There are no rules to writing. There is no instruction manual that will magically make us better writers. We all know this. But that doesn’t mean there’s no benefit in reading books about the craft of writing.
A few weeks back someone asked me what books I would recommend that other writers read, and today I’m going to answer that question. These are all books that have helped me tremendously as a writer, and I believe they might help you as well.
Okay, so yeah, you probably saw this one coming a mile away. It’s the granddaddy of all style books, and it still retains a place of well deserved honor at the top of the heap.
I remember the first time I found The Elements of Style in the college library. I took it to a table and just started to read. It pulled me in like very few books ever have.
And I can’t explain it exactly. The book is essentially a litany of grammar rules and advice about writing well, but somehow it weaves a web of magic all it’s own that is sure to entrap anyone with a love of words.
In recent years I’ve read some criticism of The Elements of Style based on the idea that the rules and guidelines presented there are too strict, too authoritarian. While some of that criticism may have merit, it misses the larger point. The theme of the book can be boiled down into two simple words: be clear.
And that is one writing rule we would all do well to follow.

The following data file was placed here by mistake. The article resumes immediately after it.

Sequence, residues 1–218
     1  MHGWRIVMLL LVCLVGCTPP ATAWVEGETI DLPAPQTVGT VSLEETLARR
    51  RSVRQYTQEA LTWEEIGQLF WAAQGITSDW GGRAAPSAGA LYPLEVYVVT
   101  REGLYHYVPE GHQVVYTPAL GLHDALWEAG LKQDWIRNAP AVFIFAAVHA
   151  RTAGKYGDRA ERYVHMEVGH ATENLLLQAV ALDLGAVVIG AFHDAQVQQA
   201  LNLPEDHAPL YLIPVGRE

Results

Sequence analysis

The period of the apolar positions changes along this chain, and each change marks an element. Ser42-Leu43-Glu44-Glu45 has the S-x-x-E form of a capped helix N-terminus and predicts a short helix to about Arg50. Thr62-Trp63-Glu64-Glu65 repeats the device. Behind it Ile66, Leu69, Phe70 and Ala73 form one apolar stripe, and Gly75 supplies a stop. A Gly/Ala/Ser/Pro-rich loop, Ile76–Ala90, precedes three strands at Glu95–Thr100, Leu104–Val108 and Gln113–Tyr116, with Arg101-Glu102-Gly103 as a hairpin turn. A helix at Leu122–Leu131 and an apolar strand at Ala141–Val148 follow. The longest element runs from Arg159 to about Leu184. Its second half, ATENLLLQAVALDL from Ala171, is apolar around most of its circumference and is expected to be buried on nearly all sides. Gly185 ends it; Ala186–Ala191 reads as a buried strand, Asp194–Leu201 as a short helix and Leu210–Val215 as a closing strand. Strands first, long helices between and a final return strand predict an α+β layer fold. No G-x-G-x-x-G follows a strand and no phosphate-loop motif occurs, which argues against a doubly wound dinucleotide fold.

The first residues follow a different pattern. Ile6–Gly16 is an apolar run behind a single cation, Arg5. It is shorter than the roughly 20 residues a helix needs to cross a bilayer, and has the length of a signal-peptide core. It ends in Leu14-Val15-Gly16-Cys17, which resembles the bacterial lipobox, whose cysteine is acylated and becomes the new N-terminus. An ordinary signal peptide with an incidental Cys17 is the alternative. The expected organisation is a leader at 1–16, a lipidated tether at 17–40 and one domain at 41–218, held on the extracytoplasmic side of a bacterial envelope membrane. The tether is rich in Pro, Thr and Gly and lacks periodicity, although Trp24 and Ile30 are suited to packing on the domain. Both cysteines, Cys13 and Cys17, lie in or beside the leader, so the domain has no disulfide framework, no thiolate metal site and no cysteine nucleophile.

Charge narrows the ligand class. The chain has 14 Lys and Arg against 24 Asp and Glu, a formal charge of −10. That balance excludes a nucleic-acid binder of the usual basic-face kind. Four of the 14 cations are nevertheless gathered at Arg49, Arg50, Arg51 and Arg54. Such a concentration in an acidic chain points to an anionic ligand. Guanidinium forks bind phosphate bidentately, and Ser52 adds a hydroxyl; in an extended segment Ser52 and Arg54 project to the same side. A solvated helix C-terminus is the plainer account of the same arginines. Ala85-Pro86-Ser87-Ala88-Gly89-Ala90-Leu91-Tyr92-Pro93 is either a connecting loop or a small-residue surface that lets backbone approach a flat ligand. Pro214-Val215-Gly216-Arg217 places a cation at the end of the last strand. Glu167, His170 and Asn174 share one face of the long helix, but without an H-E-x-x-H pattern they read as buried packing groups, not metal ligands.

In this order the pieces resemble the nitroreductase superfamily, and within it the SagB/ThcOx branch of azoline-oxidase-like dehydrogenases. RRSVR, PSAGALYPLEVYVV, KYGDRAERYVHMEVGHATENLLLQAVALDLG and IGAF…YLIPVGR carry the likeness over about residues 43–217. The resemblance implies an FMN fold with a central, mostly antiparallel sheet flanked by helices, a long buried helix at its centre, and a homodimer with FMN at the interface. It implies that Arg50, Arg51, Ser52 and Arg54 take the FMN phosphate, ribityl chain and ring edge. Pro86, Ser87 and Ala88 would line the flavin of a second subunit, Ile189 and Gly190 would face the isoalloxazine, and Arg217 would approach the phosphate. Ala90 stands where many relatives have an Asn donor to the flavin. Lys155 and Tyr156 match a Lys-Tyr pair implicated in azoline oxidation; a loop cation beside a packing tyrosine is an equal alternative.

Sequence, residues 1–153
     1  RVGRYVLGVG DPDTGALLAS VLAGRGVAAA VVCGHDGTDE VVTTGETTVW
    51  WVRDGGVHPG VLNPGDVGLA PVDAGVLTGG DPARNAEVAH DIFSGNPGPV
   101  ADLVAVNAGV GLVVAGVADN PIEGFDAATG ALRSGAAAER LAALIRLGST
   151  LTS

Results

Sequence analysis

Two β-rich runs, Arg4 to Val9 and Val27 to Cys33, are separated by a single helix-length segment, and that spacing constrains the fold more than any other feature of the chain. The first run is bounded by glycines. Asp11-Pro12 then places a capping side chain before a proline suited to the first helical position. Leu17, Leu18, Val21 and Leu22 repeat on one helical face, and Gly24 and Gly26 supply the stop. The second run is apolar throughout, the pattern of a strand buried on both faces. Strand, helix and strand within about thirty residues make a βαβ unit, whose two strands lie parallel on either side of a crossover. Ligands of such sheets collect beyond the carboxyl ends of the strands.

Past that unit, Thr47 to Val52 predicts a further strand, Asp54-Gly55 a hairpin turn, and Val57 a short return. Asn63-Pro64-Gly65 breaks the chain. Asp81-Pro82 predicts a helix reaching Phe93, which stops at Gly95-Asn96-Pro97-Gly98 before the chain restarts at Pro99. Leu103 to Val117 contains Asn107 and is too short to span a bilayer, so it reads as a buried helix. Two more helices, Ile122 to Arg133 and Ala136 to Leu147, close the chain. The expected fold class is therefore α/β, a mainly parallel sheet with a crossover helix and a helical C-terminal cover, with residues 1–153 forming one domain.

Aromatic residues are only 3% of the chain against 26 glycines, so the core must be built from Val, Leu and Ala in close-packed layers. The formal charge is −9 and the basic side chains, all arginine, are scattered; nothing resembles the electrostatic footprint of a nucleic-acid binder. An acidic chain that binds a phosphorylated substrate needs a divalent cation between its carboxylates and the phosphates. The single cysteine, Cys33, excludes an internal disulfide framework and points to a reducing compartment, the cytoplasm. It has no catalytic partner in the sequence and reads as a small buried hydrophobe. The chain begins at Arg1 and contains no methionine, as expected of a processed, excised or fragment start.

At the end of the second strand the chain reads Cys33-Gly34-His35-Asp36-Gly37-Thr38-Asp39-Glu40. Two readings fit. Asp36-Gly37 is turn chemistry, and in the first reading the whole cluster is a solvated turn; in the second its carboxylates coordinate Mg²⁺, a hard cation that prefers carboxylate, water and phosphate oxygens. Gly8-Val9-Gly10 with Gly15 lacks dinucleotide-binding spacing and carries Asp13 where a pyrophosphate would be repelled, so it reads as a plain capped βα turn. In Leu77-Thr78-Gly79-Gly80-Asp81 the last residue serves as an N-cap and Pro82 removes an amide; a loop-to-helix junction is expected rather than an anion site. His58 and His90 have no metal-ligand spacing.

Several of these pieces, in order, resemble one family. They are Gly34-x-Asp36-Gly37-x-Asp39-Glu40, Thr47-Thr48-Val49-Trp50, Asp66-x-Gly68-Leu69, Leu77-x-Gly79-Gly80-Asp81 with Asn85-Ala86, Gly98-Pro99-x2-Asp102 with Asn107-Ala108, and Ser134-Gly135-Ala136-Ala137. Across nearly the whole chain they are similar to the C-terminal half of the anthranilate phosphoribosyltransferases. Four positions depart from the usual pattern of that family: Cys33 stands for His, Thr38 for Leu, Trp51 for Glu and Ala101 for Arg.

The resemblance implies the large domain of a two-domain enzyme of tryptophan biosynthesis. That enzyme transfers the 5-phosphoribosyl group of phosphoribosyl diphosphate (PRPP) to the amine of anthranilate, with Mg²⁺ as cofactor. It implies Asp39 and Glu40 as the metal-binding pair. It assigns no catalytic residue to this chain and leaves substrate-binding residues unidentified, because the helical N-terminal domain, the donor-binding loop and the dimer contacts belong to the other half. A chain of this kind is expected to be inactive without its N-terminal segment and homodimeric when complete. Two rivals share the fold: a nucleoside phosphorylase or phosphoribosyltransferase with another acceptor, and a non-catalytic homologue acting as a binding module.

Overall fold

This book ruined my life. It was the very first book I picked up after I started writing in earnest and it was crammed full of useful writing advice. The problem came when I started reading fiction books after I read Self Editing for Fiction Writers.
I found myself saying, “Woah, hey buddy, easy on the adverbs,” and “Just say, ‘said’ already! It’s not a dirty word!” Reading this book was my first experience with the idea that writing could change the way I read.
And while Self Editing for Fiction Writers may not quite have had the same magic for me as The Elements of Style would, its simple no-nonsense advice helped set me on the right direction when it came to writing readable prose.
3. On Writing
This little memoir/writing guide isn’t quite like other writing books. It’s true that there’s some writing advice in there, but it’s a very personal kind of advice.
This isn’t a book I would recommend following to the letter. For instance Stephen King eschews the concept of outlining pretty vehemently, but that doesn’t mean you should throw out the idea of outlining; you should do what works best for you.
But what this book does provide is a view of the world though King’s own eyes, a compelling story about his own journey as a writer. In a sense On Writing is a love letter to writing itself. And for that fact alone it is well worth your time.
This is a book I picked up sometime last year, and I absolutely loved it. There’s nothing really sensational I can say about the content of the book. Much of the advice was stuff I’d already read in other places before.
But it was so much fun to read. If you’re a beginning writer looking for a good foundation of writing principles, I highly recommend checking this book out. The author does a great job of reminding the reader that he is giving guidelines, not rules, and in some cases he even points out when doing the opposite of what he had recommended might make for a better choice.
Also, if you do not enjoy reading this book you can feed it to your dog. My dog ate this book, and he gave it five stars on the taste scale.
So those are my top four recommendations of books writers should read. It is by no means exhaustive; there were several books I wanted to include, but didn’t for the sake of space and time.
Do you all have any suggestions for me? I’d love to hear them. Leave a comment and let me know what your favourite writing book is, and why.